“There’s the awkward conversation where someone invites you to do something, and then you’re like ‘Do I feel comfortable?’ and if I don’t, how do I explain it without sounding like I’m being way overly cautious or I just don’t want to see them,” Stiles said. 

Besides Covid, Stiles also has anxiety about driving, and as schools start to re-open, she said driving to work and being in a building with so many people will “be a weird adjustment.”

“Even when Covid is eradicated, I can see it being like a PTSD thing,” Stiles said. 

For Lise Feng of Los Gatos, California, the pandemic has been a solitary experience. She’s written about being single during the pandemic, and has only met up with friends and loved ones — outdoors and with masks on — a handful of times, including spending Chinese New Year on her mom’s patio. The only time she has ordered food was after she was gifted a Grubhub card that she didn’t want to go to waste.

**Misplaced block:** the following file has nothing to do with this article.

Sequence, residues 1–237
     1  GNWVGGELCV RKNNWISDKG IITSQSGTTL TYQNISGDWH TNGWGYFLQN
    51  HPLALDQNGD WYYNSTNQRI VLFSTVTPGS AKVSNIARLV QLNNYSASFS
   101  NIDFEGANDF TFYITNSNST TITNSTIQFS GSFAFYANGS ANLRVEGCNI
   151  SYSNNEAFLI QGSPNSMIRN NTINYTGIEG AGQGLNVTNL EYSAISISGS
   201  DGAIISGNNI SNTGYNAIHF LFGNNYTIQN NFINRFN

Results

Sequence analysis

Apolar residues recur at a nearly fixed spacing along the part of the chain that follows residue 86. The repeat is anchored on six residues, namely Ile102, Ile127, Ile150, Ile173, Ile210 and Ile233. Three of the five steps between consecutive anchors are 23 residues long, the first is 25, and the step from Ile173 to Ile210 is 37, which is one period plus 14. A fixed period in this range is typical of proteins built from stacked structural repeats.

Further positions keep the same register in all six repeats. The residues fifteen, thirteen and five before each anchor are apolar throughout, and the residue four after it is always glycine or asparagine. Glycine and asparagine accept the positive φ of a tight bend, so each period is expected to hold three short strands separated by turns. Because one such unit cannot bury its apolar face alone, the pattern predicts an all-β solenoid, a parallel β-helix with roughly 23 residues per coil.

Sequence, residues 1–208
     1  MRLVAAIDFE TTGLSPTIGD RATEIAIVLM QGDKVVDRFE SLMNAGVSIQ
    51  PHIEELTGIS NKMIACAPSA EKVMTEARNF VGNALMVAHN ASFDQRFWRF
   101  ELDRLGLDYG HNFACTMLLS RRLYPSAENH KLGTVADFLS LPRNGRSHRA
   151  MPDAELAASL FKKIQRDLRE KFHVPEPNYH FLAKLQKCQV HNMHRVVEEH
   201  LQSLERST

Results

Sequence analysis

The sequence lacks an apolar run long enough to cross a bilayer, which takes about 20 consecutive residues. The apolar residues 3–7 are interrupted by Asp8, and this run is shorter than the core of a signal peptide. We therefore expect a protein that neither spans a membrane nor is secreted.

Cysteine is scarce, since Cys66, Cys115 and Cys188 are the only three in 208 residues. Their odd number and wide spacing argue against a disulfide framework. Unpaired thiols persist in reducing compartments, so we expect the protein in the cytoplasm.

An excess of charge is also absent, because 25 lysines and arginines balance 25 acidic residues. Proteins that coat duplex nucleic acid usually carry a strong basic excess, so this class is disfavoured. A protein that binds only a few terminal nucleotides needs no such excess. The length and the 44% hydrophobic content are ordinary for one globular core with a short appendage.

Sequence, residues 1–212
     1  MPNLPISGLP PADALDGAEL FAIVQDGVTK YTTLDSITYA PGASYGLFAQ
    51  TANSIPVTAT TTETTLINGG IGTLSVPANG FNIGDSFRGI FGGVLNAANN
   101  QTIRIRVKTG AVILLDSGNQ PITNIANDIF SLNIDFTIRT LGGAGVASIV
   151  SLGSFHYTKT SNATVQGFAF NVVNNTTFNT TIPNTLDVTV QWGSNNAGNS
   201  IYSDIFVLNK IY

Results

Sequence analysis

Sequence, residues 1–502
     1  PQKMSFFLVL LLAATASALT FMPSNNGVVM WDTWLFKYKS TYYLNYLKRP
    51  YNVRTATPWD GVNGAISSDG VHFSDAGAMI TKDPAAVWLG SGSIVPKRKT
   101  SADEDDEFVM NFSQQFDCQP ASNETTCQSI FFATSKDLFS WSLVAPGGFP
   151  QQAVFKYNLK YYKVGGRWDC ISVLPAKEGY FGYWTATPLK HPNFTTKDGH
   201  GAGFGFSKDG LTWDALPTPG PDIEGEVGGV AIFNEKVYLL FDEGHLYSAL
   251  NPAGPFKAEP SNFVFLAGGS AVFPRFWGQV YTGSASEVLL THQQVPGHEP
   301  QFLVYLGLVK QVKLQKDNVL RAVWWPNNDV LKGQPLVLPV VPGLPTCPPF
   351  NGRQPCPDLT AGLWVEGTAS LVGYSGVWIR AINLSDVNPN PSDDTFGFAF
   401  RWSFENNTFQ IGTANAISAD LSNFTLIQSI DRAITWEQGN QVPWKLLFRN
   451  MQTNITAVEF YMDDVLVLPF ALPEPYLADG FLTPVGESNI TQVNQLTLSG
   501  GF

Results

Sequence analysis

Although she misses happy hours with friends and the spontaneous encounters with the entrepreneurs of Silicon Valley, she’s in no rush to reintegrate. In fact, she wishes more people had locked down as seriously as she has. 

“If we were all trying to be safer when this whole thing started, we might be out of the lockdown already,” she said. 

But even with the end of the pandemic on the horizon, Feng is as quarantined now as ever and won’t be taking any chances.

“It’s not just to protect me but it’s the community too,” she said. 

Holding on to positive changes